THE 306th Field Artillery


S0 this is Paris! That's what they all say when they step out of the stuffy coaches at the Gare-de-L'Est for the first time and make a dash for the A. P. M.'s mess line. The second time they find it unnecessary to quote from any modern Shakespeare, and the wicked worldly-wise even skip the mess line to find a pressing engagement with the French restaurant de Gare, which has a door opening directly out "on the taxis," or where the taxis ought to be. 0 tempora, 0 mores, how fast they learn!

The first increment to arrive in Paris had been hanging to brass straps all night, by the elbows, and sleeping debout the way we used to do on the famous long hike, but when they arrived they found that a mistake had been made in the tactical situation, and that the sun was " shining with all his might, "so they repaired in high spirits to the nearest bar for break-fast-and the Battle of Paris was on! It was meant to be only a minor engagement in preparation for le grand offensive at Nice, but there was a rapid change in the situation and a general attack soon developed from the heights of Montmartre to the Latin quarter, the fire being particularly heavy on the boulevards and in the late lamented bar at the Crillon. The regiment's Tactical Officer par excellence reconnoitered an excellent P. C. which abounded in Sole Meuni6re and other delicacies which one takes with his cocktails, champagne, liqueurs, etc. The Tactical Officer had had enough of brass straps and sleeping debout, and preferred a bon secteur without further marching. So he stayed and got a job on the Peace Commission tout de suite.

But his farewell party was a dinger! "0 yes 'tis," said the Chief Trout. The Tactical Officer is a connoisseur of beauty as well as of Sole Meuniere and expensive wines. Well, to make a long story short the evening's entertainment ended in a quiet session of the Great American Game-and I don't refer to African golf, Dan-in the most recherche surroundings. There were two Louis XVI. pianos in the beautiful, high ceiled studio, a fine carved oak side-board containing tout le necessaire, and a very amorous looking Marie Antoinette four-poster. Best of all, the engagement was staged directly over the room in which the commanding general was sleeping peacefully and unsuspectingly. They do say he missed a couple of bottles of Black & White the next day, however.

This was just one of the many actions that went to make up the great General Offensive of Paris. Of course it gets you coming and going when your leave leads to Nice, but it gets more of your money going than coming. You know why!-if you went to Nice. Some people went to Paris to buy supplies for the regiment-athletic or otherwise, it didn't matter much. Some made the most of their good fortune in being Princeton men. Others just worked it. How do they do it? Some stay there when they get there and arrange flowers on the tables in the boudoirs of peace delegates, or bring up their petits dejeuners to them. Some are even willing to get home at eleven o'clock every night and thus get free and indefinite board at a comfortable hospital. Only one developed what might be known by the Herr Doktor Major J. as a "sympathetic ear." Hewins!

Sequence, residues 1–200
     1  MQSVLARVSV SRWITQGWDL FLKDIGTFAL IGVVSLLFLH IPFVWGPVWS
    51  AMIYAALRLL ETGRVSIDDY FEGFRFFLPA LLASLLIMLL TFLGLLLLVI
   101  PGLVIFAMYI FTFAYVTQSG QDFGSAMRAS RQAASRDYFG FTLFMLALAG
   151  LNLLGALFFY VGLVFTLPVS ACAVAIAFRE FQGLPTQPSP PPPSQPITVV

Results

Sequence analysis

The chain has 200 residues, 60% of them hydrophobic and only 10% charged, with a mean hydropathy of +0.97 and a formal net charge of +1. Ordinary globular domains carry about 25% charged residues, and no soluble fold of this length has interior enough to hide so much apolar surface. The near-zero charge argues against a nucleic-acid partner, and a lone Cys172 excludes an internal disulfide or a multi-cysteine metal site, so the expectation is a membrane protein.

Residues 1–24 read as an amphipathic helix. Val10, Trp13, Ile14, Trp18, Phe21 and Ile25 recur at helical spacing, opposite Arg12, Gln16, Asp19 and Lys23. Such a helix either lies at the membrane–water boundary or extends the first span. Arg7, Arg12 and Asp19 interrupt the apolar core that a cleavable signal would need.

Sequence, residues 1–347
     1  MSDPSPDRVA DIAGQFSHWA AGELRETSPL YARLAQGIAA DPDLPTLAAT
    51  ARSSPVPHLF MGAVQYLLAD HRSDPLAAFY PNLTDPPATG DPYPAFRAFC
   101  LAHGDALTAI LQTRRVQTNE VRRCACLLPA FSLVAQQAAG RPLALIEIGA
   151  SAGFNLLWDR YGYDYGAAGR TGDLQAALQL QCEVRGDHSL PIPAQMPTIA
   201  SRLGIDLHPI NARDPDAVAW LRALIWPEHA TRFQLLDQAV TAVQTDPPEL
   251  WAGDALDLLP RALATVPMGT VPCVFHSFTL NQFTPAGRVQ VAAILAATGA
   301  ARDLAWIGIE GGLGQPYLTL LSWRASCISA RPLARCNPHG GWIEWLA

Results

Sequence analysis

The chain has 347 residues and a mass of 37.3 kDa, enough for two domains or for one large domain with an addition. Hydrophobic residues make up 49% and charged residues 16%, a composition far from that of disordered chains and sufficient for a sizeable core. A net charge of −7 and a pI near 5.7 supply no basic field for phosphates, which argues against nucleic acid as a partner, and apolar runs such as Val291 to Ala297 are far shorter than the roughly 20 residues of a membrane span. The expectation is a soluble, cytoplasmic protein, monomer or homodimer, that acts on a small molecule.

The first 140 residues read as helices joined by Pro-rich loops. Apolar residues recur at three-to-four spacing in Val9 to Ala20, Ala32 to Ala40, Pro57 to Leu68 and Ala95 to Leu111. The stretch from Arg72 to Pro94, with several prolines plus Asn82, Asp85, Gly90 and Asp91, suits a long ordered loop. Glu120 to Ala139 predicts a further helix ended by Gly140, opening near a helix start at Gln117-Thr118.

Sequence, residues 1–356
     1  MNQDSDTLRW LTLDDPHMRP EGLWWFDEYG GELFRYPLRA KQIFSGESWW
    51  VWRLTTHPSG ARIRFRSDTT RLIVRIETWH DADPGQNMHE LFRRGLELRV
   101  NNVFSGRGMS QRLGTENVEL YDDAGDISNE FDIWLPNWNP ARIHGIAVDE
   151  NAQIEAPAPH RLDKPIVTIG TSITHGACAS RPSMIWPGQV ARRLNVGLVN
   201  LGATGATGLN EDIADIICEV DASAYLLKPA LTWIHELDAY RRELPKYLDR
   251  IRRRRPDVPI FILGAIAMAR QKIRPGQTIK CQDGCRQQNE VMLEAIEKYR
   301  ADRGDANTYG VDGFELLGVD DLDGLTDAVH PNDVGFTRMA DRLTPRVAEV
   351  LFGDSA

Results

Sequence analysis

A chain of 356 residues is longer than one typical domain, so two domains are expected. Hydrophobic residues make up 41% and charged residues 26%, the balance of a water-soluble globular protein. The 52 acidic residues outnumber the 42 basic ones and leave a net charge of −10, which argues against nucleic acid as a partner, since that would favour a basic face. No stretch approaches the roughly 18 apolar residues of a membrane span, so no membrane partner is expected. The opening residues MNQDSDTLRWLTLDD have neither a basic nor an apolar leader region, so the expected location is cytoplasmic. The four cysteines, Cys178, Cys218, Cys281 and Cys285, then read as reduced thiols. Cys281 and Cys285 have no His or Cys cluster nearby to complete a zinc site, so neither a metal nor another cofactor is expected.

Let's award him the Wampum-we cannot give him the Croix-de-Guerre.
No reconnaissance of the terrain is half begun without accurately locating that remarkable machine-gun nest known as Louis's bar. But why confine it to machine guns? It was a whole ordnance department where Louis and his buxom wife issued every known form of high explosive and projectile. We all wondered why people went to the Opera Cornique, but when we had been introduced to Louis by a famous and delightful lieutenant colonel of the 78th Division, the reason was clear. It was just to get up a thirst for the Between-the-Acts at Louis's. Of course some didn't need to go to the Opera. Louis had a remarkable little client who rides three horses at the circus and smokes seventy-five cigarettes a day. Always carry plenty of Camels.

Certain dignitaries were noticed by our invading forces en passant-for example H. R. M. George Rex, for whom one of our few fresh air patrols sang that beautiful little ditty regarding the King of England, the one that raises some doubts about his family history. It was on a bright, sunny day on the

Champs Elysees and all the quiet French people were much edified by the hymn singing. That was because they hadn't seen the choir trying to crawl down the muzzles of some 150's in the Place-de-la- Concorde to test their recoil mechanism.

Well, it's all a sweet dream now. We're back in the trenches at Dancevoir. And yet they call it open warfare! Why compared to Paris, this is a state of siege, and the warfare of Paris is wide open as long as you see the M. P.'s first.
Let us close this epic with a few simple verses:

What d'ya mean you stayed too long in Paris, What d'ya mean you stayed an extra day? That little card told you what to do. You know the one I mean, the little square of blue.

What d'ya mean you stayed too long in Paris, What d'ya mean she wouldn't let you go? Three months flat, you get for that,

So tuck that underneath your overseas cap. What d'ya mean you stayed too long in Paris? What d'ya mean that you missed your train.

" Y. M. C. A."
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